Thursday 29 September 2011

Two tweets are better than one

A head full of cotton wool, not literally of course, that would be dangerous, probably terminal; though it would explain the lack of discernible brain activity. I am reduced to blogging about blogging - would that be meta-blogging? Not my own though; in the absence of original thought I shall comment upon a couple of tweets. Would that be meta-micro-blogging or micro-meta-blogging or…
It is time to end the Dark Ages. Tax all religion.
I am not entirely sure how to respond. Is this a hoax, a provocation designed to kick-start a debate, an “I don’t like religion” tweet - perfectly acceptable - or, and I may be giving more credit than is due, a suggestion that any favourable tax status should be reviewed. Difficult given that such status is the result of charity - and are we really in the realm of dictating who can be charitable? Taxing people’s belief; it is I suspect another example of ‘progressive liberal’ thought: penalise that with which you disagree.
Party defections by elected officials should always create by-elections. No exceptions.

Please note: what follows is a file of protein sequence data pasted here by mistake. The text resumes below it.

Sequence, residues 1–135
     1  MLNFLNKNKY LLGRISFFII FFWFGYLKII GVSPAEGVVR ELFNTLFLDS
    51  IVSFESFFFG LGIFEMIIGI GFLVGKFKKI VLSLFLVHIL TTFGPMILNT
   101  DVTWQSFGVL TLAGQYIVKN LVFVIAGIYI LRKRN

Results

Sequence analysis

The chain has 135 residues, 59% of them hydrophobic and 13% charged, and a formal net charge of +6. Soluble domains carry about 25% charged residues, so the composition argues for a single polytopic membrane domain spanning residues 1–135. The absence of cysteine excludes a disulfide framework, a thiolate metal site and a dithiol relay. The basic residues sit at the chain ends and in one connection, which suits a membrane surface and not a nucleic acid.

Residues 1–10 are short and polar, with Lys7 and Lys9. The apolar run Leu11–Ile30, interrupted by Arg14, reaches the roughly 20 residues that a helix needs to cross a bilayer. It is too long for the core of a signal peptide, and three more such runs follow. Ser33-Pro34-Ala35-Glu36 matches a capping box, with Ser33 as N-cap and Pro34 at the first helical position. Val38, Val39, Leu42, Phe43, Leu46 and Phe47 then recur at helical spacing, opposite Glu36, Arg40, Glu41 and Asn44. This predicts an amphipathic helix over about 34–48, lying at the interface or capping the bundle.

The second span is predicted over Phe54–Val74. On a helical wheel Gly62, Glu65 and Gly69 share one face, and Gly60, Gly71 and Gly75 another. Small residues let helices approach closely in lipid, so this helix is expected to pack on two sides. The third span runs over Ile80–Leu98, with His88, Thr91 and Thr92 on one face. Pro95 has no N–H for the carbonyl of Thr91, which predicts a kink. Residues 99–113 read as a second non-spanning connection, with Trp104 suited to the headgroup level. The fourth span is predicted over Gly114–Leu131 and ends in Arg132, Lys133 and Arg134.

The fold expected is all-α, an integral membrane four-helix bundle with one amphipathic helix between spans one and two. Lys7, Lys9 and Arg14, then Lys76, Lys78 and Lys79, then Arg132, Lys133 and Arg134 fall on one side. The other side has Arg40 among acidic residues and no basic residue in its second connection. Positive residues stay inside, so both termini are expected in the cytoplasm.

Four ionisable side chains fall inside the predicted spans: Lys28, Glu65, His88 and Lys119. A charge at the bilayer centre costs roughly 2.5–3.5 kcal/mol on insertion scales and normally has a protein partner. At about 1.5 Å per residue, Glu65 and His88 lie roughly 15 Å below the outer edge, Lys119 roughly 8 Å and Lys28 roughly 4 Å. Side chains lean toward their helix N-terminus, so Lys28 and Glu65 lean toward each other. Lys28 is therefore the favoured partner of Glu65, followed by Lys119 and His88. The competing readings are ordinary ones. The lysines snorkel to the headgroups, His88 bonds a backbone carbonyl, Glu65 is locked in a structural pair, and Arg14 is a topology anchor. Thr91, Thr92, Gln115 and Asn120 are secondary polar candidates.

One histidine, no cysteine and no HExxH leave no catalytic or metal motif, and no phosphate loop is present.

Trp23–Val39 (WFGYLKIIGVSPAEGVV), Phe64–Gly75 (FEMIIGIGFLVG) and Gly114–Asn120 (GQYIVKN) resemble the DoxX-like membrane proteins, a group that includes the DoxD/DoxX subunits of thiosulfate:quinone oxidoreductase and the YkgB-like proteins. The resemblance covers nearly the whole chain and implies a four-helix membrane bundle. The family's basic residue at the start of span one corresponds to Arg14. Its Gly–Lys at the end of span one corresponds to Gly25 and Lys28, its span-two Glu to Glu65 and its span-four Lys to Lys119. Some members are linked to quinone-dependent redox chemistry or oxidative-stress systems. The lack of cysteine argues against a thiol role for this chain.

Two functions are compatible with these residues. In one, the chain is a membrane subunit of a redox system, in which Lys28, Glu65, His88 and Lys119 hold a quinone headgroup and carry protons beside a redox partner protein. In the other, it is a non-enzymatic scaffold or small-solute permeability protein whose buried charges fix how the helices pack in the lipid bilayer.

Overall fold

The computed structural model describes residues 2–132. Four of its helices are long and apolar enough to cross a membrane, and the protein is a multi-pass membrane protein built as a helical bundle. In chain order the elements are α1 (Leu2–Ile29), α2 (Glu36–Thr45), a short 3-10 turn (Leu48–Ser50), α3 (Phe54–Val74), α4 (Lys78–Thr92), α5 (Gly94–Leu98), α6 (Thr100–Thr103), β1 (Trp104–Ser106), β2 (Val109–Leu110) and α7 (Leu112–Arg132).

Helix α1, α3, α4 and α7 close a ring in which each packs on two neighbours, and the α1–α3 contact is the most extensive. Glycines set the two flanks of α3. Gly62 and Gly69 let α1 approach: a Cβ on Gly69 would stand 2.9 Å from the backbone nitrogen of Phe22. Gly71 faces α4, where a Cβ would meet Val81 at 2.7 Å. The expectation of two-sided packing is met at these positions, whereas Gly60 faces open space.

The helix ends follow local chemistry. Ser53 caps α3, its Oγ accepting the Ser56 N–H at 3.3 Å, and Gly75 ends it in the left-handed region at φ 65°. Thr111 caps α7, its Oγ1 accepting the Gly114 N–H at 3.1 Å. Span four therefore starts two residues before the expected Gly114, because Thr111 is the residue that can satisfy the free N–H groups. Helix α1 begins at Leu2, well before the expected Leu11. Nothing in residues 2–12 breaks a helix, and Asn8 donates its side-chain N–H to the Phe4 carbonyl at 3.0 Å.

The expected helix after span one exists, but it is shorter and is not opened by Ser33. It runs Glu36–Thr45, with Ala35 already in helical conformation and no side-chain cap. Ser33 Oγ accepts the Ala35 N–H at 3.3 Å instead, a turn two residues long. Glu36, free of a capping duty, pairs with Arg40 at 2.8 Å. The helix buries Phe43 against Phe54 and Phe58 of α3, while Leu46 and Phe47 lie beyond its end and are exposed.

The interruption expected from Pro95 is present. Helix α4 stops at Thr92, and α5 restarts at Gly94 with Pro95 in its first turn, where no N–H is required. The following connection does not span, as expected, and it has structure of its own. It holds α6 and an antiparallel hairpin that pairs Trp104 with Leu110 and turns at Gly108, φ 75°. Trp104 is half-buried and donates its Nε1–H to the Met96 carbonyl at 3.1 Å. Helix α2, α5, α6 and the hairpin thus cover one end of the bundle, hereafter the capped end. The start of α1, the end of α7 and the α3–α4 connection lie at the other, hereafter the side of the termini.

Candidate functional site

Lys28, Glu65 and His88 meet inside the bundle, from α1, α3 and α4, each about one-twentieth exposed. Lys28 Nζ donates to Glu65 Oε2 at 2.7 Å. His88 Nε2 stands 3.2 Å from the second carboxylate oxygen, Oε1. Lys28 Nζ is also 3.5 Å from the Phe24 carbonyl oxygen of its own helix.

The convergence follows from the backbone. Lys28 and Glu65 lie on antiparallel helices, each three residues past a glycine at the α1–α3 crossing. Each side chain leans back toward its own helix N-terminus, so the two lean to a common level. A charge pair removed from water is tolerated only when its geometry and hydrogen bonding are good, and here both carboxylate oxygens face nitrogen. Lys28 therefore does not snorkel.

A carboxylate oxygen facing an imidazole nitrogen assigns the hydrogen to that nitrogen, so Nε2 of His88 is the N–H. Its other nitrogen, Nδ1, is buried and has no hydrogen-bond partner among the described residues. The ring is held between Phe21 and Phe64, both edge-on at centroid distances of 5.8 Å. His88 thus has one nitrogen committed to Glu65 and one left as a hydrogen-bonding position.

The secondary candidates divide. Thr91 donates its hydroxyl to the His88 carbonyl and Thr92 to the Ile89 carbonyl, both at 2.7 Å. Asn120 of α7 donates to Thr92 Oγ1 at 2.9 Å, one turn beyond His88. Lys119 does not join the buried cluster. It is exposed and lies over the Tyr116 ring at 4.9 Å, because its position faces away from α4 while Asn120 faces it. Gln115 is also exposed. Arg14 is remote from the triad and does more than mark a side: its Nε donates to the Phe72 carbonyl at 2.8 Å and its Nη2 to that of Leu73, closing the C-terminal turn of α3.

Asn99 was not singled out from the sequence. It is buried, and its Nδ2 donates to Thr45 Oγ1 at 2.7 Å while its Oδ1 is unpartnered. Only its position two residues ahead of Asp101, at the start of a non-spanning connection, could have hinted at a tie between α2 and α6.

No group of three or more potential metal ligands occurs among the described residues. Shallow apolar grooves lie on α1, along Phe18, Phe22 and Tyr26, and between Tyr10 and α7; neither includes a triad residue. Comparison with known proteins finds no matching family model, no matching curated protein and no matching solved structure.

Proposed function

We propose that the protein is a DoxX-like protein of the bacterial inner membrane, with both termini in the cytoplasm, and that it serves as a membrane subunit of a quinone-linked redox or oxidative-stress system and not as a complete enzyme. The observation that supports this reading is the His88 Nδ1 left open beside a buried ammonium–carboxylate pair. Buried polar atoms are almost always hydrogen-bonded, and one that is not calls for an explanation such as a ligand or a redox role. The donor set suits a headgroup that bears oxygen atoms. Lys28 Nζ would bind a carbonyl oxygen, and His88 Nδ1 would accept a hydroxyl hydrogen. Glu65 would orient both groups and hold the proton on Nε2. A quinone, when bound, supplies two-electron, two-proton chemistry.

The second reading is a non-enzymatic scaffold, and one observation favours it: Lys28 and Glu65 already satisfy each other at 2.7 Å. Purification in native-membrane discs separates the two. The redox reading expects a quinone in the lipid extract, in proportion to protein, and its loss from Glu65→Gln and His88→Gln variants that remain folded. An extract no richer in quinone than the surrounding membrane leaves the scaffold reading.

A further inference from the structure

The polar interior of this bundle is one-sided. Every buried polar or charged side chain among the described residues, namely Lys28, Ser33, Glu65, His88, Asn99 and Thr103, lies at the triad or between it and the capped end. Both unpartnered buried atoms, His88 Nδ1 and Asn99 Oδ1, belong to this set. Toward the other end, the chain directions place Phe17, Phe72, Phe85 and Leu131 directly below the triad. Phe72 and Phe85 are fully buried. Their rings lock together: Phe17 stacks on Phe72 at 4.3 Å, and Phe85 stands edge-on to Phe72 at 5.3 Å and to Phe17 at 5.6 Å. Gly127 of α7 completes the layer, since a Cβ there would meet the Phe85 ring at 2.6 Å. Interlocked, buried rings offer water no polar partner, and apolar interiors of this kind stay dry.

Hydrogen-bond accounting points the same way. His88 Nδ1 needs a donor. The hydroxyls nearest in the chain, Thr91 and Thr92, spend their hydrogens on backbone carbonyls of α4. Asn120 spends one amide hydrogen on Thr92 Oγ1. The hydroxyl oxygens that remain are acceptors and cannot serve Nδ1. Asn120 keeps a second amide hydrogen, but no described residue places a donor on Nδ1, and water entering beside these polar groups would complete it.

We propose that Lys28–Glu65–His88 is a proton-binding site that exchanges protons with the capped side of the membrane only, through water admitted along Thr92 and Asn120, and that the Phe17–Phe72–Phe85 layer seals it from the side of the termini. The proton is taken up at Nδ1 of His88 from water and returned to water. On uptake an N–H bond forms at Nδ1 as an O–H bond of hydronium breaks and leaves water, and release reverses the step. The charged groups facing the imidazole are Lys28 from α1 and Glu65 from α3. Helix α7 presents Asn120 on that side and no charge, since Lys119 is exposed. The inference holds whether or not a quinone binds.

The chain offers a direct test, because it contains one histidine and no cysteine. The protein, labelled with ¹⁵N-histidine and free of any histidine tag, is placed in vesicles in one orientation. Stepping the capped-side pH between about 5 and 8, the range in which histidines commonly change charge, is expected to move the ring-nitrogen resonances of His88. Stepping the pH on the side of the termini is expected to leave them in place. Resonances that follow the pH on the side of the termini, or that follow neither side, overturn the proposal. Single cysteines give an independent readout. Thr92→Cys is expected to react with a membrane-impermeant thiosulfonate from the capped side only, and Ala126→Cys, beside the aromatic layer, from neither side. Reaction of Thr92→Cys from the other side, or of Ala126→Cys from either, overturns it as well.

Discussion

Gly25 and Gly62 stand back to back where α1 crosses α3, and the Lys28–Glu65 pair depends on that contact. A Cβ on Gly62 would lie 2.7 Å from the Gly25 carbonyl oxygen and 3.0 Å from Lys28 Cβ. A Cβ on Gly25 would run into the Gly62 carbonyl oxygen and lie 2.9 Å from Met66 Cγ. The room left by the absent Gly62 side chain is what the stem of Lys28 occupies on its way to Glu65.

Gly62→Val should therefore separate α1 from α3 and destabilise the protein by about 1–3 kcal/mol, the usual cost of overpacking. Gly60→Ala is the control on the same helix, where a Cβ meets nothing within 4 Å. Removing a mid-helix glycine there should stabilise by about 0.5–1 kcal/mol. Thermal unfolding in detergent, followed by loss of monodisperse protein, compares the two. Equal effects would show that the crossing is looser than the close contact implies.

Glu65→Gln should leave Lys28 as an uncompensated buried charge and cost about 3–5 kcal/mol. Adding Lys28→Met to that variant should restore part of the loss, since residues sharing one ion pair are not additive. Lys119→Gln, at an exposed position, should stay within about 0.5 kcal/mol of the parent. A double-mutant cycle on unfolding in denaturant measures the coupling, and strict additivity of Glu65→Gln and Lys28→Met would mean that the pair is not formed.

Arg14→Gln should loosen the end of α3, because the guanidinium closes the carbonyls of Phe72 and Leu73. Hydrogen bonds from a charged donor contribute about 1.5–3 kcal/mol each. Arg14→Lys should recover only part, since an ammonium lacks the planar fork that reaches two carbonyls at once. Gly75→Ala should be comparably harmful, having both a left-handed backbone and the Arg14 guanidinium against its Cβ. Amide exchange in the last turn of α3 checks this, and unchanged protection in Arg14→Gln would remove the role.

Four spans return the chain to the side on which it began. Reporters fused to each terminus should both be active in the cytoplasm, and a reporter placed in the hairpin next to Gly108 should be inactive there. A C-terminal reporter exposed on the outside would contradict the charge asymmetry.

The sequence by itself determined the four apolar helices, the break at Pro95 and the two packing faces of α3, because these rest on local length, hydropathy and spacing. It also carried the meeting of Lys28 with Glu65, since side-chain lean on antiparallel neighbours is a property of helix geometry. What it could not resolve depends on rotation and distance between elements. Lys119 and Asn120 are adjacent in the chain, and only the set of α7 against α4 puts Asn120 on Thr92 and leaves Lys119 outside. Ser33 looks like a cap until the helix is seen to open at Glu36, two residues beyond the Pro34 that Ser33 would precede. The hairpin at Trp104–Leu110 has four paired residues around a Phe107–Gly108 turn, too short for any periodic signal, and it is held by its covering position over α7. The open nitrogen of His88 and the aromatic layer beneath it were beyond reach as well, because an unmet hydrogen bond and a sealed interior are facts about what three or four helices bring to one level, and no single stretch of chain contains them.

I am entirely sure of how to respond. This is either a misunderstanding of how our electoral system works, in terms of who and what we vote for, or another misguided attempt to pass the judgement of an elected official from the electorate to an unelected body. When in the polling booth, whilst in practice I scan for ‘my’ political party, in reality I am voting for a specific individual. It is a marvellous system, a system that could - if we curbed the power of the party whip - encourage our representatives to give due allegiance to their electorate, rather than the party to which they happen to belong. It is the very essence of local democratic accountability.

The logical progression to this - at an extreme end - is that an individual may choose to leave his/her party; whether because the individual or the party’s policies have changed, it is for the electorate to decide. Changing party is in effect no different to changing policy. Were a rule introduced to the effect that party defections trigger by-elections, this could be side-stepped by declaring an intention to leave, as opposed to actually leaving. Easy, you might respond, the party would then eject their unwanted member to get the desired result… only they could then eject all sorts of other ‘troublemakers’ too, and doubtless get more malleable MPs in return, bending to the will of their party first, their electorate second. Is that really what we want?


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